To fund the album the group turned to their fans and, more specifically, the website Kickstarter. They raised $86,000 which gave the band hope for the future. "All of the questions we had about whether or not people cared enough to support new music from us were answered. It was such an overwhelming outpouring of support. . .it basically erased all of our doubts and fears." The Classic Crime appeal was the ninth most successful Kickstarter campaign in regards to music. The resulting project, 'Phoenix', was released on 14th August 2012 and charted at number four on the Billboard Christian Albums Chart. When asked about the new sound on the album, MacDonald said, "The tracks have organ, keys, piano, strings and plenty of other sounds we've never used on a record before. It was fun to experiment new tones and textures and I think that's what makes this record stand out from our previous releases." With the encouraging sales of 'Phoenix' The Classic Crime undertook a successful tour of the West Coast of America.

More recently, vocalist MacDonald has recorded and released a side project with his wife, Kirstie, under the name Vocal Few. The seven-track EP 'Tall Trees' specifically to raise funds for their two year old daughter Praise. Said MacDonald, "I always wanted to release music in vinyl. It never made sense before. People are using CD players less and less. . . and barely anyone that I know plays a boom box at home. Most of my friends have MP3 players for walking or the car, and a record player at home. I thought it would be cool to supply a digital copy to everyone, so they could take it everywhere, but then a vinyl copy for those who like to listen in their homes."

The Classic Crime: Seattle's rockers say bands don't have collective souls

The Classic Crime have long been involved in fan discussions as to whether they are a "Christian" band. Matt wrote on The Classic Crime's discussion board, "We believe faith is personal and can only be held by an individual person. To entitle a group as Christian would assume that the group has a collective soul, or at least individuals tied to a collective belief. Not everyone in the band is decidedly set in their faith, and we respect that. Music transcends the tangible, much like faith does, my faith is part of my music because they come from the same place deep within me. I don't have to try to think about putting it into songs, it's not a head thing. It comes from the heart and as an artist - if I really believe it - it will naturally work its way into my art." When asked to go on further, Matt responded, "One very popular misconception is that bands with Christian members try to avoid the 'Christian' title because they want to have success in the mainstream. This couldn't be any more false. Well over half of Americans say they are Christian. If you have a potential audience that big you don't try to run the other way."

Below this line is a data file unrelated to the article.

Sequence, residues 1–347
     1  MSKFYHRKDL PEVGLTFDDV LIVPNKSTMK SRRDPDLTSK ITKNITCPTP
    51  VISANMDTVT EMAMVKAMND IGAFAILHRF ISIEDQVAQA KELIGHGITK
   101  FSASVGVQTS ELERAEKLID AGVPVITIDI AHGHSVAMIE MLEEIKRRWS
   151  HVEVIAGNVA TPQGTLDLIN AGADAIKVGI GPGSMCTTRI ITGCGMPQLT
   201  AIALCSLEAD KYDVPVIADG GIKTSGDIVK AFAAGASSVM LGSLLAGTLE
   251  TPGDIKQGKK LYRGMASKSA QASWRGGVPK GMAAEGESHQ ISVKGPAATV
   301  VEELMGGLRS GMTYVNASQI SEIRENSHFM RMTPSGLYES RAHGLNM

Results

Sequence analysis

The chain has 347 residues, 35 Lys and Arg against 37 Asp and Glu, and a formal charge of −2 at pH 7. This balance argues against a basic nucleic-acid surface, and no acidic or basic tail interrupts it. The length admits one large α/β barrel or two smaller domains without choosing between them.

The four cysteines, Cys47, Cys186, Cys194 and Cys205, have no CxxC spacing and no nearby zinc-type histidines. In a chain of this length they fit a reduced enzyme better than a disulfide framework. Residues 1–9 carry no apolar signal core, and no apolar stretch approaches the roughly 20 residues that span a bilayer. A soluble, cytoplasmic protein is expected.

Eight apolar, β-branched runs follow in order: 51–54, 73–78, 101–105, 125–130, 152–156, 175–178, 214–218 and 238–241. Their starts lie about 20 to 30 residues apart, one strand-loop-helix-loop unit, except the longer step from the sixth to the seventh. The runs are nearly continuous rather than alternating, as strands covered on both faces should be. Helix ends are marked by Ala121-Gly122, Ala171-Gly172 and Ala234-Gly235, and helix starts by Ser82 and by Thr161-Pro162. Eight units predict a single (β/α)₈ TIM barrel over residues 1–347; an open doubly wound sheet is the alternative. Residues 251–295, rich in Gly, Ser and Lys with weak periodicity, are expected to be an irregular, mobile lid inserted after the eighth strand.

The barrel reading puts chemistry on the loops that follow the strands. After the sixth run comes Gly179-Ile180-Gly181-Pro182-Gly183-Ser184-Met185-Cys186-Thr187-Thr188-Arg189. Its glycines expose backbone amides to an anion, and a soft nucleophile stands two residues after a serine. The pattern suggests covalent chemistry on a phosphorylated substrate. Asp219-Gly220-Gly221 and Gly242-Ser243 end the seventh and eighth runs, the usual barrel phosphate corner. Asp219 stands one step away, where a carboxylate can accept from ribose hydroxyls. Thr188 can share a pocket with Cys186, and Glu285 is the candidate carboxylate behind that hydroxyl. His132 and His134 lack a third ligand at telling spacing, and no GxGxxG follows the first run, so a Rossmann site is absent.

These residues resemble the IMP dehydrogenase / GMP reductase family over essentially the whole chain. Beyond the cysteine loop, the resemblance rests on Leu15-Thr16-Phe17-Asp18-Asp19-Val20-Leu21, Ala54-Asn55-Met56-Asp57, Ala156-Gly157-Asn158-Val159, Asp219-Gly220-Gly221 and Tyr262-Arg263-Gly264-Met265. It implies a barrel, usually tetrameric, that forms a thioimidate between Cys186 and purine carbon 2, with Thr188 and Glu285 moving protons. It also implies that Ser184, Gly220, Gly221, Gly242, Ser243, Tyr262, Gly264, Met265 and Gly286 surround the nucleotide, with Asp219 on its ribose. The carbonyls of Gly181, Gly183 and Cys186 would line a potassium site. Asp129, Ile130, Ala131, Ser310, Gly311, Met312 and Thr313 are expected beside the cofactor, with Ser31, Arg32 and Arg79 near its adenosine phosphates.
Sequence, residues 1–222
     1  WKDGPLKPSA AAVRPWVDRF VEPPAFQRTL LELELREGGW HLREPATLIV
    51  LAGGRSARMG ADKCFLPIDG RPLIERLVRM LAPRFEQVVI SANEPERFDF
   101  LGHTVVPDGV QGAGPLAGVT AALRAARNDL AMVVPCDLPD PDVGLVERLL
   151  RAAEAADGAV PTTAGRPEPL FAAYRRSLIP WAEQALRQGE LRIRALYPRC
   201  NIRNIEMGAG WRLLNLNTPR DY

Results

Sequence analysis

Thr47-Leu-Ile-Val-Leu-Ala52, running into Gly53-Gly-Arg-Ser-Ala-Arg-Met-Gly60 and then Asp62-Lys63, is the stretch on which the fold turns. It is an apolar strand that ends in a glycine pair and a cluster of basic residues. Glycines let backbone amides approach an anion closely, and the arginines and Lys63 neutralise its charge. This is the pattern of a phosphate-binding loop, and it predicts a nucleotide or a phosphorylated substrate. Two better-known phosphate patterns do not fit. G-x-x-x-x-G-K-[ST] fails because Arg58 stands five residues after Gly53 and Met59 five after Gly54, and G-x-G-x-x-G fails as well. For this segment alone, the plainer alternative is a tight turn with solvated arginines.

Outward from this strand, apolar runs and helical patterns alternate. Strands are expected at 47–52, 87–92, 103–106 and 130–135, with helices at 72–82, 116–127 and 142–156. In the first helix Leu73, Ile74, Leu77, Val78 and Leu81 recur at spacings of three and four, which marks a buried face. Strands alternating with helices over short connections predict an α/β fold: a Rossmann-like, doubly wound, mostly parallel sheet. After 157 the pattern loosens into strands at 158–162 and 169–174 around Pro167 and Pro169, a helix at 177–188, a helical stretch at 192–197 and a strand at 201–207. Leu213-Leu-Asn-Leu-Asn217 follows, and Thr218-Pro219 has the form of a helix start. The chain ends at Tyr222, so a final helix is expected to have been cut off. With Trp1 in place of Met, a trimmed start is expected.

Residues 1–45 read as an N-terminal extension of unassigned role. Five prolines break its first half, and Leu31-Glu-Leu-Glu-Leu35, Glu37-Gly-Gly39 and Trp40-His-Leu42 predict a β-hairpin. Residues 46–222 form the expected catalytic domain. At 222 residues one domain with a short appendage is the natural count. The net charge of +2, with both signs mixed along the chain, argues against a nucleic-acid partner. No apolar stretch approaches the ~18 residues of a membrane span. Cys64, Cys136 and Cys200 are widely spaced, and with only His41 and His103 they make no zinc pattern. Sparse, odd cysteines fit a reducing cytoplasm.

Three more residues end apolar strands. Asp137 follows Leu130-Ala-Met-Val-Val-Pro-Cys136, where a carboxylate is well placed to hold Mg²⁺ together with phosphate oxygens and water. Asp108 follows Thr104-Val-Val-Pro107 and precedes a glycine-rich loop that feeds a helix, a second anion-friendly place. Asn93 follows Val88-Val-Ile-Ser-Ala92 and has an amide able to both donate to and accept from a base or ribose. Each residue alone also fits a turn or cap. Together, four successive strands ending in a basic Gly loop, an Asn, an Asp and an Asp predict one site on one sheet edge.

The Classic Crime seems to be the kind of post-grunge/post-punk band that is going to be here for quite awhile longer. MacDonald summed up the future plans for the band with "as of right now TCC is fully committed to making more music, so we'll continue to do that for as long as we can. CR

The opinions expressed in this article are not necessarily those held by Cross Rhythms. Any expressed views were accurate at the time of publishing but may or may not reflect the views of the individuals concerned at a later date.
About Gavin Hand
Gavin HandGavin Hand is currently studying music journalism at Staffs University.


Reader Comments

Posted by Sarah Tait in Seattle WA @ 16:47 on Jul 17 2013

I've been a fan of The Classic Crime for about six years and am never disappointed. Each of their albums is unique moving in its own way. I've found that unlike other bands who I listen to and eventually grow tired of, TCC is always at the top of my playlist. Matt's lyrics are rich and full of deep meaning. Every time I listen to TCC I discover new meanings in the songs. The 'Precipice' off of the Phoenix album is especially deep. Matt is an extraordinary song writer and musician. I've enjoyed everything he's put out including his side project Vocal Few. The Classic Crime is certainly one of the best bands of our generation.

The opinions expressed in the Reader Comments are not necessarily those held by Cross Rhythms.